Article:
“Job seekers over 50 need to show employers that they are interested and open to learning new things and that they regularly engage in learning on their own. Independently taking a professionally related class or earning a new certification can show employers that you’re self-motivated to do the continuous learning that they prize,” says Reynolds.

Rebrand Yourself

Job seekers of any age who are seeking a new career field should make a significant effort to rebrand themselves. This involves updating your resume and online profiles (or creating them if you don’t have any!) to match your new desired career.

“Small things like having a current profile picture on LinkedIn, using a popular email platform like Gmail, or addressing your cover letter with ‘Dear Team at ABC Company’ instead of ‘Dear Sir or Madam’ can help employers continue on to the important pieces of the resume without getting distracted by age red flags.

Including a Technology Skills section on the resume that showcases the programs and platforms you’re familiar with can help show employers you’re comfortable with technology and learning new things,” says Reynolds.

Test the Waters

It’s not enough to want to have a new career after 50; you have to try it out before making the commitment. So look for ways in which you can test out your new career, such as getting a (paid) adult internship or even a part-time or flexible job in your newfound area of interest. That firsthand experience will help you in determining if this job type—and industry as a whole—is a true fit for you.

Best Careers for Workers Over 50

While you absolutely want to choose a new career that appeals to you and even uses some of your previous experience and skills, some career fields are more primed for older workers than others.

AARP created a list of 10 jobs that are expected to have the largest labor shortages over the next five years. These jobs need workers and could be a good fit for those who are starting a new career after 50. Here are the top four from their list.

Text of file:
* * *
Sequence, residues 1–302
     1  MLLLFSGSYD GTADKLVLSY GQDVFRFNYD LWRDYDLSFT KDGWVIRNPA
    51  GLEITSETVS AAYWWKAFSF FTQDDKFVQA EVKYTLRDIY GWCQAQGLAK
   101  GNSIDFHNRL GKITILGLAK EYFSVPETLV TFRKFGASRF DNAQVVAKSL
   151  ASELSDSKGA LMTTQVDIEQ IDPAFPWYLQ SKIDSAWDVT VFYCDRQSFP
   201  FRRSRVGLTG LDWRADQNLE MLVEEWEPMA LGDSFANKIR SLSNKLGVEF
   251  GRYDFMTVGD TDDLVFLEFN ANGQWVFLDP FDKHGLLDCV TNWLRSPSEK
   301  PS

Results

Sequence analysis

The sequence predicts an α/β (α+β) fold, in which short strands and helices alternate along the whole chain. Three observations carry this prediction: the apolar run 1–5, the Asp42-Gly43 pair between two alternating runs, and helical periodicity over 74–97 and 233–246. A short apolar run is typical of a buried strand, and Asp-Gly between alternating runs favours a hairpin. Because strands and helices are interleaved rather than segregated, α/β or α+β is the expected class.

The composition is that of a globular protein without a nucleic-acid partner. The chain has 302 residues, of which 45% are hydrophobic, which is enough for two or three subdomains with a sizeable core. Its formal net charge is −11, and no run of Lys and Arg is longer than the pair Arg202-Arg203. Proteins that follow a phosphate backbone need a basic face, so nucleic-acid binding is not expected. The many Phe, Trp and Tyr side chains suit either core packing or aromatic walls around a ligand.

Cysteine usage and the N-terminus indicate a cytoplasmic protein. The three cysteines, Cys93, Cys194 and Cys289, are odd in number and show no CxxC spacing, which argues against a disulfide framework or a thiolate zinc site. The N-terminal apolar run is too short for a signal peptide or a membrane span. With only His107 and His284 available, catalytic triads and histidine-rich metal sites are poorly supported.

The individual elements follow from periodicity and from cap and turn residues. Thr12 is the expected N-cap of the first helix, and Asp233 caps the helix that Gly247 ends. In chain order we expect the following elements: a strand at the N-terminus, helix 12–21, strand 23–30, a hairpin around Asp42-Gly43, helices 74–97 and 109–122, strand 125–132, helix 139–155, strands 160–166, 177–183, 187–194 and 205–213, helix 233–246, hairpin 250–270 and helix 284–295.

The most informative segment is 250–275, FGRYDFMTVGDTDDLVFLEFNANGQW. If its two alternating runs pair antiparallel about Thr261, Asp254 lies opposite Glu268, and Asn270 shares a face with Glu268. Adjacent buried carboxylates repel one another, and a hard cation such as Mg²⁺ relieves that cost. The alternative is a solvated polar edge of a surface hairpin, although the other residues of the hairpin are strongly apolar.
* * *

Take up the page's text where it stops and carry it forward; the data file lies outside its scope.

Health Diagnosing and Treating Practitioners

AARP included pharmacists, exercise physiologists, dietitians and nutritionists, therapists, podiatrists, optometrists, surgeons, orthodontists, dentists, and chiropractors in this job category.

Sales Representatives, Wholesale and Manufacturing

Sales executive, sales consultant, sales agent, direct salesperson, and technical sales representative are some other versions of this role.

Computer Occupations

Computer and information research scientists, computer system analysts, programmers, information security analysts, web and software developers, and computer user support specialists comprise this category.

Advertising, Marketing, Promotions, Public Relations, and Sales Managers

According to AARP, “These jobs encompass advertising and promotions managers; managers for marketing, sales and fundraising; and public relations. Generally, these positions require at least a bachelor’s degree.”

Finding a New Career After 50 with FlexJobs

Starting a new career at or after 50 puts you in a unique situation to utilize your life experience and professional background to find a career you’re passionate about.

And when it comes to starting your job search, FlexJobs has flexible jobs in over 50 career categories. New jobs are posted daily with flexible work options such as remote work, freelance gigs, and part-time schedules. No matter what new career you want to start after 50, FlexJobs can help you find something that fits your life.


Photo Credit: bigstockphoto.com

This is a version of an article that was originally published on November 14, 2013. 

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Jennifer Parris, FlexJobs Career Writer

Jennifer comes from corporate America… and a four-hour daily commute! Now, as a Career Writer for FlexJobs , she commutes to the corner office (in her house, that is) in under 60 seconds! Says Jennifer: “I’ve always been a writer,…Read More >